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Solutions for Chapter Chapter 27: Statistical Process Control

Full solutions for The Basic Practice of Statistics | 4th Edition

ISBN: 9780716774785

Solutions for Chapter Chapter 27: Statistical Process Control

Solutions for Chapter Chapter 27
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Textbook: The Basic Practice of Statistics
Edition: 4
Author: David S. Moore
ISBN: 9780716774785

Since 53 problems in chapter Chapter 27: Statistical Process Control have been answered, more than 11923 students have viewed full step-by-step solutions from this chapter. This expansive textbook survival guide covers the following chapters and their solutions. The Basic Practice of Statistics was written by and is associated to the ISBN: 9780716774785. Chapter Chapter 27: Statistical Process Control includes 53 full step-by-step solutions. This textbook survival guide was created for the textbook: The Basic Practice of Statistics, edition: 4.

Key Statistics Terms and definitions covered in this textbook
  • Additivity property of x 2

    If two independent random variables X1 and X2 are distributed as chi-square with v1 and v2 degrees of freedom, respectively, Y = + X X 1 2 is a chi-square random variable with u = + v v 1 2 degrees of freedom. This generalizes to any number of independent chi-square random variables.

  • Asymptotic relative eficiency (ARE)

    Used to compare hypothesis tests. The ARE of one test relative to another is the limiting ratio of the sample sizes necessary to obtain identical error probabilities for the two procedures.

  • Average

    See Arithmetic mean.

  • Chi-square test

    Any test of signiicance based on the chi-square distribution. The most common chi-square tests are (1) testing hypotheses about the variance or standard deviation of a normal distribution and (2) testing goodness of it of a theoretical distribution to sample data

  • Coeficient of determination

    See R 2 .

  • Combination.

    A subset selected without replacement from a set used to determine the number of outcomes in events and sample spaces.

  • Components of variance

    The individual components of the total variance that are attributable to speciic sources. This usually refers to the individual variance components arising from a random or mixed model analysis of variance.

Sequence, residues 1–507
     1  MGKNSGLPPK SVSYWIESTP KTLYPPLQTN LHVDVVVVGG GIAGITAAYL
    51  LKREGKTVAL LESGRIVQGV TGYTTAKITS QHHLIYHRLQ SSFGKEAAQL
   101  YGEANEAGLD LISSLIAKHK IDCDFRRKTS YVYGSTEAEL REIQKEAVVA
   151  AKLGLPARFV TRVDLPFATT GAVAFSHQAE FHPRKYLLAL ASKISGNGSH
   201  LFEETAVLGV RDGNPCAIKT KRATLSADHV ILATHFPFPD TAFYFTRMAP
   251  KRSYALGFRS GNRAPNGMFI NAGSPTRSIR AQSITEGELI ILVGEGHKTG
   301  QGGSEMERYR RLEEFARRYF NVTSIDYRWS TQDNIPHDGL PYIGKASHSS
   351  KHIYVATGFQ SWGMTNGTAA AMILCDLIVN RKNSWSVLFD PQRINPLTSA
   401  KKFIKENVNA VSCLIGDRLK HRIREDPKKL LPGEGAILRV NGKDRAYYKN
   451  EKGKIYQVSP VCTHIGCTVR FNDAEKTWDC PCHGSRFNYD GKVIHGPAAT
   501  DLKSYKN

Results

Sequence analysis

• Conditional variance.

    The variance of the conditional probability distribution of a random variable.

  • Contingency table.

    A tabular arrangement expressing the assignment of members of a data set according to two or more categories or classiication criteria

  • Continuous uniform random variable

    A continuous random variable with range of a inite interval and a constant probability density function.

  • Control limits

    See Control chart.

  • Correlation matrix

    A square matrix that contains the correlations among a set of random variables, say, XX X 1 2 k , ,…, . The main diagonal elements of the matrix are unity and the off-diagonal elements rij are the correlations between Xi and Xj .

  • Degrees of freedom.

    The number of independent comparisons that can be made among the elements of a sample. The term is analogous to the number of degrees of freedom for an object in a dynamic system, which is the number of independent coordinates required to determine the motion of the object.

  • Deming’s 14 points.

    A management philosophy promoted by W. Edwards Deming that emphasizes the importance of change and quality

  • Dependent variable

    The response variable in regression or a designed experiment.

  • Discrete random variable

    A random variable with a inite (or countably ininite) range.

  • Dispersion

    The amount of variability exhibited by data

  • Fraction defective

    In statistical quality control, that portion of a number of units or the output of a process that is defective.

  • Fractional factorial experiment

    A type of factorial experiment in which not all possible treatment combinations are run. This is usually done to reduce the size of an experiment with several factors.

  • Frequency distribution

    An arrangement of the frequencies of observations in a sample or population according to the values that the observations take on

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